The year Barack Obama was born, an American of African descent could not board public transit without the permission of whites, or select the seat he or she preferred.

In 1961, in some parts of this country, a black person could be hanged from a tree simply for looking a white person in the eye.

Fifty years later, the president of the United States of America is a black man named Barack Hussein Obama, and Forbes has (again) named him the most powerful man alive. Against the backdrop of America’s racist history — that is so friggin’ awesomeeven if it isn’t entirely true. Here is Forbes‘ rationale for putting Obama at the top:

“Sure, his jobs bill was gutted, his debt-ceiling negotiating was derided and his popularity has plummeted, endangering his re-election, but Obama regains his position as the most powerful person on the planet this year.

Why? Despite faddish American declinism, the U.S. remains, indisputably, the most powerful nation in the world, with the largest, most innovative economy and the deadliest military.

Plus, Obama’s only legitimate rival for the title, last year’s number one, Chinese President Hu Jintao, is diminishing in influence as he gives up political office.”

Whether Forbes can determine one leader’s “power” relative to another’s is debatable, but one thing that is not in question is that the world is watching Obama as the US economy teeters and black Americans suffer more than any others in terms of joblessness, poverty and civic disenfranchisement.

To anyone who is paying attention, it is clear that the playing field in America remains unequal for most of the descendants of stolen Africans, and the yoke of racial oppression and discrimination continues to weigh heavily in the form of separate and unequal schools, barriers to employment and housing, and disparities in the justice system.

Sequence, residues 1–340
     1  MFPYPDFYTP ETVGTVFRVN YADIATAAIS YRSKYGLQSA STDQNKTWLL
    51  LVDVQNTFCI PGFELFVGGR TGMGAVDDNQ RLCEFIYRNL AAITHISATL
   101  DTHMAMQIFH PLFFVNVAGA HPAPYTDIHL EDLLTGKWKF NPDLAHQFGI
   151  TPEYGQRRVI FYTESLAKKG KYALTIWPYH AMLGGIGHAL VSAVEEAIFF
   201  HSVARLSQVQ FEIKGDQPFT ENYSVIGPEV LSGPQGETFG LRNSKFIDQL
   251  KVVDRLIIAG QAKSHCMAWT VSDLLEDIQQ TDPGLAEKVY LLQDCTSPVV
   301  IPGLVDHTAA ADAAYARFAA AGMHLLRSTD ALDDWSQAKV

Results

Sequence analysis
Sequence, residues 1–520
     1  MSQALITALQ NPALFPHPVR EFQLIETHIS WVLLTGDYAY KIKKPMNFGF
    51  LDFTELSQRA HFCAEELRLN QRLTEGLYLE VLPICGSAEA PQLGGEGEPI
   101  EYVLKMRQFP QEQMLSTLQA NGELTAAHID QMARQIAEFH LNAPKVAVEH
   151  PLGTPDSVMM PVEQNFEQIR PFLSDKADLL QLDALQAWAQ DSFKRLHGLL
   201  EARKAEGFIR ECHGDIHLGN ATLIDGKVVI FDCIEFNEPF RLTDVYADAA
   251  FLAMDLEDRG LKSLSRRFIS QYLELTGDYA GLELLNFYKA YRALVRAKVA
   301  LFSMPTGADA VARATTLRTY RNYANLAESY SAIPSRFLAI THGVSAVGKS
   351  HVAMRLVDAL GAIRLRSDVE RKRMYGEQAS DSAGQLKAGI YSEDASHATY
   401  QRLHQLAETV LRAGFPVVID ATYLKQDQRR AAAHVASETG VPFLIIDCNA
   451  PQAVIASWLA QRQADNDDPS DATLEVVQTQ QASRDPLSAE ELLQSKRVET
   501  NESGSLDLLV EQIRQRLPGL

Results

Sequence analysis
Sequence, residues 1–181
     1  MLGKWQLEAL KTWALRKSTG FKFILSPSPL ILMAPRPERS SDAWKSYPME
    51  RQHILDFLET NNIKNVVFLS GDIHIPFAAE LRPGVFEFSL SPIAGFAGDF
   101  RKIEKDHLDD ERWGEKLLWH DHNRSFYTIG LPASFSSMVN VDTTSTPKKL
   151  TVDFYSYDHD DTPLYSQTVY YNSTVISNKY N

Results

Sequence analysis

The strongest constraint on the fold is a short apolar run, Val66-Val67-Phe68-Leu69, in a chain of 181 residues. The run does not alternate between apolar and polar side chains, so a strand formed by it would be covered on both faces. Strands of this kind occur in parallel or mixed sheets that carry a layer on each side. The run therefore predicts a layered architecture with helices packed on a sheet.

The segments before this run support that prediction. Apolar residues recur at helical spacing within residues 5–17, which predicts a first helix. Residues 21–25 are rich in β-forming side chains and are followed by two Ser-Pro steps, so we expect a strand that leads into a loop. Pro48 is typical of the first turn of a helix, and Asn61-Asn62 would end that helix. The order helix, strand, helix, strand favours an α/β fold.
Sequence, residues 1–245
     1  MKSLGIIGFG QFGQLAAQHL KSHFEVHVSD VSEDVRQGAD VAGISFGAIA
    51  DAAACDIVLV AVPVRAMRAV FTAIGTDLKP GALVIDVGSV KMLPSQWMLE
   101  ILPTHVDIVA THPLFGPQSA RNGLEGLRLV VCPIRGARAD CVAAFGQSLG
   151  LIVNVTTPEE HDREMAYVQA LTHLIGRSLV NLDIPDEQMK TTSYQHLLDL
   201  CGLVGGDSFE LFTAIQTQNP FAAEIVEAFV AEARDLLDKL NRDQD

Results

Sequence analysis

Yes, doors remain open that were kicked open by the courageous actions of civil rights pioneers who suffered so that all might flourish, but many more doors are shut and locked — and will remain so because disinfranchised black people lack the money and influence required to lobby lawmakers on their own behalf.

If President Obama were really the most powerful man in the world, he would have the freedom to specifically address the needs of those suffering most in America’s economic downturn. He would be able to do more than criticize a system of public education in which zip code determines per student spending and teacher quality he could actually legislate to wrench that system out of the hands of state lawmakers who seem happy to provide quality education exclusively for those who can live where it’s available.

If President Obama were that powerful, he would be free to openly speak about and legislatively address racial inequities in employment, housing and policing—thereby honoring the sacrifices of Evers, Chaney, Goodman, Schwerner, Liuzzo, Parks, King, and countless others who suffered that he might have the right to seek the highest office in the land, let alone be elected to it.

In a country where racism remains the issue most likely to be denied or ignored by those who are least affected by it, our president’s hands are tied.

Remember that scene from A Time to Kill when Matt McConaughey’s character asks the jury to picture Samuel L. Jackson white? Yeah. That’s pretty much what Obama’s detractors should be doing right about now if they want a clear understanding of what he’s up against. If the president was not black, he could easily hold a press conference voicing his concern for the staggering economic statistics in urban America (hardest hit on every measure) and propose specific remedies aimed at the communities suffering most. Hillary Clinton surely could do it without reservation — but President Obama is in a “damned if he does, damned if he doesn’t” position because of the color of his skin.

Anyone who thinks we live in a post-racial America take note. The Most Powerful Man on Earth cannot give voters any reason to believe he is favoring “his people” if he cares to survive and serve another term.

-by Kathleen Cross for